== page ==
In honour of COPD Awareness Month

As November marked National COPD Awareness Month we thought it gave justice to another article! An internationally-recognized event held annually to enhance exposure around chronic obstructive pulmonary disease (COPD).

The main cause of COPD is tobacco smoke or exposure to air pollutants like cigarette smoke or outdoor pollution in the home or at work, family history, and respiratory infections like pneumonia also increase your risk.

Symptoms of COPD include:

  • Frequent coughing or wheezing
  • Excess phlegm or sputum
  • Shortness of breath
  • Trouble taking a deep breath

If you experience these symptoms, you should discuss them with your GP. One way to treat COPD is supplemental oxygen from a portable oxygen tank if blood oxygen levels are low.



Christmas trees could trigger deadly asthma attacks, doctors have warned.


The festive fir in the corner of your living room harbours mould, which can aggravate the lungs.

Leading charity Asthma UK has urged people to be vigilant over the Christmas period.

Their data shows around 300 people are admitted to hospital on Christmas Day each year, suffering severe attacks, that could be linked to the festive favourite.

Mould that naturally grows on your tree can multiply in the warm temperatures of your living room.

And fake trees aren’t the safe alternative they may seem to be, gathering dust and mould in the loft, that can aggravate the lungs.

But, those with allergies as well as asthma sufferers should be alert to the dangers, Asthma UK urged. The moulds are naturally occurring on the trees, but flourish when they are inside our toasty warm homes in the winter.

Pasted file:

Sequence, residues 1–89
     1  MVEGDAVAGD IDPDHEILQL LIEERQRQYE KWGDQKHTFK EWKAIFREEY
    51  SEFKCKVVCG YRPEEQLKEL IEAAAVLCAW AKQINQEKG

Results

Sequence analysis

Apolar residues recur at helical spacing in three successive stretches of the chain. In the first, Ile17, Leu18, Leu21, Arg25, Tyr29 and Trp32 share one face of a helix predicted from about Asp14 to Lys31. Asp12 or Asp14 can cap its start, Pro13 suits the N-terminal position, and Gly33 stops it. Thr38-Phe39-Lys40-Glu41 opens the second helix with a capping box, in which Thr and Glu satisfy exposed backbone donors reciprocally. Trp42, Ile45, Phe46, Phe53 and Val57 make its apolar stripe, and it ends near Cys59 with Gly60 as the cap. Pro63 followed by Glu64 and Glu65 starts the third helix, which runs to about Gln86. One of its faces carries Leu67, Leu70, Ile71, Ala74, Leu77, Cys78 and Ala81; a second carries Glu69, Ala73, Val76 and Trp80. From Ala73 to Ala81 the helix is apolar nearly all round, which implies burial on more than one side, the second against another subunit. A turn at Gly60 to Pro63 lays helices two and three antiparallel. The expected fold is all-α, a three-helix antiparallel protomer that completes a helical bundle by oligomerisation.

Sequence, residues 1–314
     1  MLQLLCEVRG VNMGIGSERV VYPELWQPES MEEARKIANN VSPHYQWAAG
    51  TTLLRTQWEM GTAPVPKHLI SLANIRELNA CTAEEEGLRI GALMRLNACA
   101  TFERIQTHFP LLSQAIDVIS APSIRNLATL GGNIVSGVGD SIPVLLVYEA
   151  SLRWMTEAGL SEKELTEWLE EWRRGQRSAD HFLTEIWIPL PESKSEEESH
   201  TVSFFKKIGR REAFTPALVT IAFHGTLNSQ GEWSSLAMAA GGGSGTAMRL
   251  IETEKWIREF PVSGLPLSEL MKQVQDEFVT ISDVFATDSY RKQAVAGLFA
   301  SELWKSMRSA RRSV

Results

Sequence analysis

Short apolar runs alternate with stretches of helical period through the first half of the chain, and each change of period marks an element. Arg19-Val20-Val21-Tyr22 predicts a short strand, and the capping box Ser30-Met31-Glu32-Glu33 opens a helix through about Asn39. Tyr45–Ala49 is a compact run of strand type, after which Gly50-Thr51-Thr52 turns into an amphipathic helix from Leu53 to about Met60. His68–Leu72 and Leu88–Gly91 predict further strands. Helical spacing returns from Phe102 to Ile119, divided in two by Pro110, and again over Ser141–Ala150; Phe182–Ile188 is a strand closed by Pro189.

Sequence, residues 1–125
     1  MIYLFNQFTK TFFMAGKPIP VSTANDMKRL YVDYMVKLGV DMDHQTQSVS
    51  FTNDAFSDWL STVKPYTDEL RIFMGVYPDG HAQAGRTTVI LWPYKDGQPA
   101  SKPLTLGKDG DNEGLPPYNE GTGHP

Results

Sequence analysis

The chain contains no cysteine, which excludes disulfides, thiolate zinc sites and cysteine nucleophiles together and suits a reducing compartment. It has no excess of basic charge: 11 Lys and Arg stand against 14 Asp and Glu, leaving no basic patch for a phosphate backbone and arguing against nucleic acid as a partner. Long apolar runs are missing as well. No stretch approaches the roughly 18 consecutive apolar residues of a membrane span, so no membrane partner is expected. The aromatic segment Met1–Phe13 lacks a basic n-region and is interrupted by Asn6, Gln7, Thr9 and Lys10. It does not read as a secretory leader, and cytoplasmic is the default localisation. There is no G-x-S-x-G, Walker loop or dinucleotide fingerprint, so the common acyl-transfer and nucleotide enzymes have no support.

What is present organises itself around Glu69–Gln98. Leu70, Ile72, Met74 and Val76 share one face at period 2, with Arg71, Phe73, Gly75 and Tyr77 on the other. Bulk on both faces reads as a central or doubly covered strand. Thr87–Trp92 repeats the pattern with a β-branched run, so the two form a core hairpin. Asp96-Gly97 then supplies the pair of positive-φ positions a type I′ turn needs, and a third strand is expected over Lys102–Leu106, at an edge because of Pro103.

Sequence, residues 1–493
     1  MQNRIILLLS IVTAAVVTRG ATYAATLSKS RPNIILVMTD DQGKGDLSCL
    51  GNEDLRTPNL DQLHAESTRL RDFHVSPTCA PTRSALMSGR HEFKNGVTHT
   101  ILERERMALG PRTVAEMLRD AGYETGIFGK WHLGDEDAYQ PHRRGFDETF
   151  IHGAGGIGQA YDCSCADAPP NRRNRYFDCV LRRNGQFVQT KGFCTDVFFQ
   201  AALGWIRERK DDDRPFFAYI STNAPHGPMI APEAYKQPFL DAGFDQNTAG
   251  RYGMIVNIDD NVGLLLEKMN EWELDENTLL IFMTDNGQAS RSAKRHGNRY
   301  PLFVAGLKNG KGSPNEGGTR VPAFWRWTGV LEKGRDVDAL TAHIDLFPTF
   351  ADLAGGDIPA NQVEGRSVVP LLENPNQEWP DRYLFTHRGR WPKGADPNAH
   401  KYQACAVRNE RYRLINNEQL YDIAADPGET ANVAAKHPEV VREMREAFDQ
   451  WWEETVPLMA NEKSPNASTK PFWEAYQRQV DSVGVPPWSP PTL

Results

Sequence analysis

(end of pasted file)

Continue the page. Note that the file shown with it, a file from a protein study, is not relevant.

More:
But the charity also warns that both real and fake trees can also pose a threat.


Fake trees are a great alternative if the allergens that form on a real tree cause you too many breathing difficulties.

But artificial trees, and decorations, can gather dust and mould when they are kept in storage for the year which can cause a flare-up of symptoms when you put it up.

So it’s a good idea to wipe them down when you pull it out of storage and wrap them in plastic to keep the dust at bay when you put them away again.





50 years ago, a spacecraft discovered oxygen in moon rocks

Space scientists have been intrigued for years with the possibility of finding usable oxygen on the moon — not in the lunar atmosphere, since there essentially is none, but in the rocks. As long ago as 1962 … [NASA researchers] predicted vast lunar processing plants turning out 4,000 pounds of liquid oxygen per month, both for breathing and as an oxidizer for rocket fuel…. Now the Surveyor 5 spacecraft … reveals it is standing directly over just the kind of rock that would do the job. — Science News, October 14, 1967


The moon is not yet dotted with lunar oxygen factories, but scientists are still devising ways to pull oxygen from moon rocks. One technique, proposed by NASA scientists in 2010, isolates oxygen by heating lunar rocks to over 1650° Celsius and exposing them to methane. Chemical reactions would produce carbon monoxide and hydrogen, which then react to create water. Passing an electric current through the water would separate oxygen from hydrogen, allowing the desired gas to be captured.